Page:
The policy was actually lauded by family planning advocates, and it helped to keep Iran’s birthrate under two percent and prevented many families from being overburdened by large families in a nation with a legacy of sanctions and a reputation for severe economic mismanagement and corruption.
Today, not only has the policy been revoked, but the theocratic leaders of Iran have actually returned to encouraging citizens to have babies at the highest rate possible. Throughout the country, education programs and government facilities have changed to accommodate the renewed conservative outlook on family planning.
“We don’t accept less than five,” Ayatollah Mohammad Hosseini Ghazvini said on Velayat TV, encouraging the audience to have “five, eight, 12, and 14” babies, and to reverse the population control trend of the previous three decades.
Since the vasectomy policy was a reaction to economic hardship in the wake of the Iran-Iraq War, this abrupt change is presumably a quick response to the real and anticipated economic resurgence in light of sanctions relief and emerging deals with other Middle Eastern and Asian nations. It is an interesting window into some of the social consequences of the new, softer approach to Iran by the West.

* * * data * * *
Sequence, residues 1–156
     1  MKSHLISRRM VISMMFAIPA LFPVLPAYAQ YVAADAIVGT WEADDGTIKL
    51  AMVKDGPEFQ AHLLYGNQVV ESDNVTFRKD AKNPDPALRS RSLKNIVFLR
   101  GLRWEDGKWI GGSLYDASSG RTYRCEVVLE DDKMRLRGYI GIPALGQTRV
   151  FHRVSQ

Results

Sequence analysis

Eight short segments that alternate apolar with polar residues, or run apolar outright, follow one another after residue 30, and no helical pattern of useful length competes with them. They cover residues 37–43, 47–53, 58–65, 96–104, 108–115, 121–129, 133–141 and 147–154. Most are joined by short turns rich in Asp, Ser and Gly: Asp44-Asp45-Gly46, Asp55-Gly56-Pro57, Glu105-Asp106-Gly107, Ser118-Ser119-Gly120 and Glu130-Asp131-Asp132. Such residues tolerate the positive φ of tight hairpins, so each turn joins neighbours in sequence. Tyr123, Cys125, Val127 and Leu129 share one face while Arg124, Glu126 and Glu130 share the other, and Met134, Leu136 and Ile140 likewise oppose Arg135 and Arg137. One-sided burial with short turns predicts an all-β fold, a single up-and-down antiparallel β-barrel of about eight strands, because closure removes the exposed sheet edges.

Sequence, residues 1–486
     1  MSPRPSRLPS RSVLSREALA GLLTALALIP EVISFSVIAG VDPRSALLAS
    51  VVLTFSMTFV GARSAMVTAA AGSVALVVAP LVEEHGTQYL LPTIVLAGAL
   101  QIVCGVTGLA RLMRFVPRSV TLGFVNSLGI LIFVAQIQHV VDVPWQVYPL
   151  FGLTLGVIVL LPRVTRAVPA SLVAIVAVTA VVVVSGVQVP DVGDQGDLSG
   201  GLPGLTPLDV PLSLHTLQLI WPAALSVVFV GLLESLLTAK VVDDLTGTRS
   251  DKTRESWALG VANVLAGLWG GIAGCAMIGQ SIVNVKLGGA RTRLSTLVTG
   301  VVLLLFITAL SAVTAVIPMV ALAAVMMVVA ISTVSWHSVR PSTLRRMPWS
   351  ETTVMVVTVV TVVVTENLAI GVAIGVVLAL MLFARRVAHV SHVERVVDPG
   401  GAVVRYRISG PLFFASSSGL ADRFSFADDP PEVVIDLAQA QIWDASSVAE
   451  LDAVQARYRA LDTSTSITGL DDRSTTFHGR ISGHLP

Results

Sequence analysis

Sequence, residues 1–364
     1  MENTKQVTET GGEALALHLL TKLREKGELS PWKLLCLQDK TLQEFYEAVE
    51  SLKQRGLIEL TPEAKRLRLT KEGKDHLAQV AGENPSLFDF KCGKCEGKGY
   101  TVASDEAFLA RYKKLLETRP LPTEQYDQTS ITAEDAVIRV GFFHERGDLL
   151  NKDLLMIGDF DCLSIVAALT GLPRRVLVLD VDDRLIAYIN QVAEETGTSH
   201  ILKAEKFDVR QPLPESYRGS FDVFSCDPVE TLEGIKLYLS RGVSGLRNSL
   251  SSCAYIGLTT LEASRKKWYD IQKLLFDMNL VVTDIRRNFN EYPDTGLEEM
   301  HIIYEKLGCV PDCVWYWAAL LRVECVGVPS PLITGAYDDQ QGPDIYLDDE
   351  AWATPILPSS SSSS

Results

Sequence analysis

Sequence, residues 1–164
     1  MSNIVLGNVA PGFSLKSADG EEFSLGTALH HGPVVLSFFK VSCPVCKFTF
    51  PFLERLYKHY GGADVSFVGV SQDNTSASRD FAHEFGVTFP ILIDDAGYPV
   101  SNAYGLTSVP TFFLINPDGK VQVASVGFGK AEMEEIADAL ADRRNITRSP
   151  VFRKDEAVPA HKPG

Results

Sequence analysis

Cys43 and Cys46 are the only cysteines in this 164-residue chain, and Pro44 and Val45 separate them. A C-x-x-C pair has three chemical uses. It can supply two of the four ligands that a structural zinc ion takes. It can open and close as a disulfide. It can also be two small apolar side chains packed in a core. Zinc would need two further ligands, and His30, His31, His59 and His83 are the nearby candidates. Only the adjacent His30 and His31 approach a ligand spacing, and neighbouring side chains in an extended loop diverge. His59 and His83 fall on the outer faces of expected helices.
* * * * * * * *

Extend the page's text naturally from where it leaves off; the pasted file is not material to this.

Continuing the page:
The suddenness of this turnaround suggests that in this area of life, as in most others, the government of Iran is more concerned with its extreme Islamic worldview and with political expediency than it is with the concerns of its own people. Naturally, many private citizens and doctors are reacting negatively to the change – and doing so anonymously, for fear of reprisal.
The Christian Science Monitor quotes one 32-year-old Iranian banker as saying that with the cost of everyday necessities and the rate of inflation, two children is all he can afford. Consequently, he chose to pay the 200 dollars that it now costs to have a vasectomy. But there are many other Iranians who cannot afford this cost, and others who accept the government propaganda about family size, against their own self-interest.
For these people, there will be significant social consequences in the future. One Iranian doctor reported that the rate of illegal abortions has risen since vasectomies became so costly. Not only does this put the health of poor women at risk, but it puts them at risk of landing in Iran’s notorious prison system, with is overcrowding, deficiency of medical care, and arbitrary, often violent punishments.
But assuming that the current large family policy has the same motives as the one that was in place prior to the 1980s, all of these individual risks and consequences are worthwhile if the theocratic regime of Iran can create a growing population of “soldiers for Islam.”